The Uncommon Man who lent voice to the Common Man

The Uncommon Man who lent voice to the Common Man

R K Laxman, cartoonist, humorist, illustrator and the genius behind “the Common Man” passed away in Pune on Monday leaving behind a rich legacy in the form of his cartoons.

Often referred to as the “Uncommon Man”, Laxman was the true voice of the ordinary citizen which came through the strokes of this creative genius. His pocket cartoon, “You Said It,” that appears in “The Times of India”, connected well with the common man and highlighted his plight.


Such was the impact of his cartoons that several generations of newspaper readers  would first have a look at the Common Man and then go for the headlines.  Laxman had once said about the Common Man, “…he is silent, he listens.”

His caricature of prime ministers, chief ministers, top leaders, celebrities and sportspersons reflected the most unique part of their personality–sharp nose for Indira Gandhi, lips of P V Narasimha Rao, the curly hair of batting maestro Sachin Tendulkar and the tall stature of actor Amitabh Bachchan. 

Since 1951, the Common Man represented the hopes, aspirations, troubles and perhaps even foibles of the ordinary Indian.  Clad in a dhoti and a jacket, the “the Common Man” has not missed anything.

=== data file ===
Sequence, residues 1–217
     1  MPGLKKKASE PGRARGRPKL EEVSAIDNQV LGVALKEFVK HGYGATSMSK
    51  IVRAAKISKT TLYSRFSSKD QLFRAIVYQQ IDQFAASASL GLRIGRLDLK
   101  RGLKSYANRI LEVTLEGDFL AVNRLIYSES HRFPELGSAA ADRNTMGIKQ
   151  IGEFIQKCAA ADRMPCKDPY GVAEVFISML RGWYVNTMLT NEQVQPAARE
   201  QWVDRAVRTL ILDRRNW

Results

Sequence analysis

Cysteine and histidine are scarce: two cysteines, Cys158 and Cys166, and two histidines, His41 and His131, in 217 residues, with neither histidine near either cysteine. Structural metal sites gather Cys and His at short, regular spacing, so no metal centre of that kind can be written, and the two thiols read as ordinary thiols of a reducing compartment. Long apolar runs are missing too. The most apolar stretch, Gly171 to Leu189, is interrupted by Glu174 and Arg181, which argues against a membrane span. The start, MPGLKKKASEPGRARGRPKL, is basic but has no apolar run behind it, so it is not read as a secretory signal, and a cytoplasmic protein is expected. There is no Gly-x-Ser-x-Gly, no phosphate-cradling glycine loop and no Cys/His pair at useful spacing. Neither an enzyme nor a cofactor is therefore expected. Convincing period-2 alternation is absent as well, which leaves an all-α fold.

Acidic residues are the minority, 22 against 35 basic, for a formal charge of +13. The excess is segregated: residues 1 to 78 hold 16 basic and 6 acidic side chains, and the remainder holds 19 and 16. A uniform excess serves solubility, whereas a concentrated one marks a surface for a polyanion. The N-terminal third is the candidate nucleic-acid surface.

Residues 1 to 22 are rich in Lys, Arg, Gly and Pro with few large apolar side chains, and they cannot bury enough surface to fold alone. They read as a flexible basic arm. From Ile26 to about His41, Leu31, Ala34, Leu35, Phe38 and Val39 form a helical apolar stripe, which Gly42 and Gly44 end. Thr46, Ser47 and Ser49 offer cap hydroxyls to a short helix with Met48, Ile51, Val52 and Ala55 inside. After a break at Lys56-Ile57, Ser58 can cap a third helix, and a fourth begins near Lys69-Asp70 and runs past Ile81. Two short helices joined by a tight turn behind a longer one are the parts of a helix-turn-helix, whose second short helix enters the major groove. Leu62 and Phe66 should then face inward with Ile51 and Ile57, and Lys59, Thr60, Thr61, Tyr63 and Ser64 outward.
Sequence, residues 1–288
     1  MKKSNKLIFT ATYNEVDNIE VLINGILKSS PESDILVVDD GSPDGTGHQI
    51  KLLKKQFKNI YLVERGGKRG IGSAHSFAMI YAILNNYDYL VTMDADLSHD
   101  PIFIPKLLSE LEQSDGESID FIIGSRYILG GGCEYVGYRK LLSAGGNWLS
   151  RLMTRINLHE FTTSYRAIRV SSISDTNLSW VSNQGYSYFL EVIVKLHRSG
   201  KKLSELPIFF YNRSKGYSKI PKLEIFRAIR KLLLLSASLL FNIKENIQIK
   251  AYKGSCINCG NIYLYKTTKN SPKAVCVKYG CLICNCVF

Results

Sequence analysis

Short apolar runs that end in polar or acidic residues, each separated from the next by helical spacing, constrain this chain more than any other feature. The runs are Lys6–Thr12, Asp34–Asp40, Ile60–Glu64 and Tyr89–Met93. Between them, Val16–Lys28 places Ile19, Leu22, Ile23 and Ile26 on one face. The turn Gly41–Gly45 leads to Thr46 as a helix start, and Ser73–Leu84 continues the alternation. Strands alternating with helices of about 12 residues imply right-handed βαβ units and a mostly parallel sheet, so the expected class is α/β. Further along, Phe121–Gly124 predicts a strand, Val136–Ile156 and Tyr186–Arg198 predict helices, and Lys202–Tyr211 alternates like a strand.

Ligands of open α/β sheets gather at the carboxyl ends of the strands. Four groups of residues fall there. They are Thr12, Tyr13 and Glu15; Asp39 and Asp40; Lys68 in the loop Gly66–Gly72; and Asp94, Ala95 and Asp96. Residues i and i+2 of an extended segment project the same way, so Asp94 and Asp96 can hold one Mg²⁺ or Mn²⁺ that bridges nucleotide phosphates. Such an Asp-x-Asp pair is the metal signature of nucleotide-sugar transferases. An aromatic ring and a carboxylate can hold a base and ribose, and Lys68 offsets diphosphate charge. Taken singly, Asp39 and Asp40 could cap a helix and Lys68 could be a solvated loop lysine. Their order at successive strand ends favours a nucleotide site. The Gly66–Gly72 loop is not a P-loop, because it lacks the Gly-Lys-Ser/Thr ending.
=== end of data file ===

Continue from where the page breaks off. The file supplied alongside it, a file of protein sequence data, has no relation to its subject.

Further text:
Born in Mysore on October 24, 1921, Rasipuram Krishnaswamy Iyer Laxman was attracted to cartoons from his childhood.   As a child, Laxman was engrossed in illustrations in “The Strand Magazine”, “Punch”, “Bystander”, “Wide World” and “Tit-Bits”, even before he could read. Incidentally, his application to Sir J J School of Arts was rejected.

Laxman’s earliest work was for newspapers and magazines such as “Swarajya” and “Blitz”. While studying at the Maharaja College, Mysore, he began doing illustrations for his elder brother R K Narayan’s stories in “The Hindu”, and he drew political cartoons for local newspapers and for “Swatantra”. He also did illustrations for Narayan’s “Malgudi Days”.

His first full-time job was as a political cartoonist for the “The Free Press Journal” in Mumbai. The late Shiv Sena supremo Bal Thackeray was his colleague.

Laxman later joined “The Times of India”, beginning a career that has spanned for over 50 years. Laxman is a recipient of the Padma Vibhushan and the Ramon Magsasay Award. His autobiography, “The Tunnel of Time,” was an instant hit.


Among his other creations include “Gattu” of the Asian Paints. He also observed crows deeply and it is found in several of his creations.

He preferred to stay away from the limelight and in his autobiography he mentions that he never kept a diary, referred to a calendar or wore a watch.

Laxman first married Bharatanatyam dancer and actor Kumari Kamala Laxman, who began her film career as a child artiste named “Baby Kamala,” and graduated into adult roles under the name Kumari Kamala. They later divorced.

Laxman then married a children’s book writer who’s name was again Kamala. His son Srinivas is a senior journalist based in Mumbai.

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